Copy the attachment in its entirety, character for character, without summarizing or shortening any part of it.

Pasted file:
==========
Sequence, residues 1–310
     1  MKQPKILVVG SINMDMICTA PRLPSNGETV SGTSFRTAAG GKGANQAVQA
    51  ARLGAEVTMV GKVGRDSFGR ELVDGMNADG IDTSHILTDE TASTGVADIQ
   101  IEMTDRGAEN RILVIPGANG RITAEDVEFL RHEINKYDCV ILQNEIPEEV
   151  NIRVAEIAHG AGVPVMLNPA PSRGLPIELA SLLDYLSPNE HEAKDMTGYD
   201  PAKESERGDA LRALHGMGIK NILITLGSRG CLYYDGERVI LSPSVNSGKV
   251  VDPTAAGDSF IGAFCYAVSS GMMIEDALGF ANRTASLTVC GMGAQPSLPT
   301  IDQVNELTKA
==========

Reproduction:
Sequence, residues 1–310
     1  MKQPKILVVG SINMDMICTA PRLPSNGETV SGTSFRTAAG GKGANQAVQA
    51  ARLGAEVTMV GKVGRDSFGR ELVDGMNADG IDTSHILTDE TASTGVADIQ
   101  IEMTDRGAEN RILVIPGANG RITAEDVEFL RHEINKYDCV ILQNEIPEEV
   151  NIRVAEIAHG AGVPVMLNPA PSRGLPIELA SLLDYLSPNE HEAKDMTGYD
   201  PAKESERGDA LRALHGMGIK NILITLGSRG CLYYDGERVI LSPSVNSGKV
   251  VDPTAAGDSF IGAFCYAVSS GMMIEDALGF ANRTASLTVC GMGAQPSLPT
   301  IDQVNELTKA